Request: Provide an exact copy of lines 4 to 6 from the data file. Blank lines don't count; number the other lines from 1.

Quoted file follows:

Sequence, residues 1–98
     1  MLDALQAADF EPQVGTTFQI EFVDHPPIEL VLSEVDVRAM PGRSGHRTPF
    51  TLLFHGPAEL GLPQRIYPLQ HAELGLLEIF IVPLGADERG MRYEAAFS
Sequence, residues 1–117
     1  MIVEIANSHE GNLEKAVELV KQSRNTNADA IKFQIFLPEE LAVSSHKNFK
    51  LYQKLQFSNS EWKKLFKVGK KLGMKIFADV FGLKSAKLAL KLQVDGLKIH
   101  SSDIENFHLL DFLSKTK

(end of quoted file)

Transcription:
Sequence, residues 1–117
     1  MIVEIANSHE GNLEKAVELV KQSRNTNADA IKFQIFLPEE LAVSSHKNFK
    51  LYQKLQFSNS EWKKLFKVGK KLGMKIFADV FGLKSAKLAL KLQVDGLKIH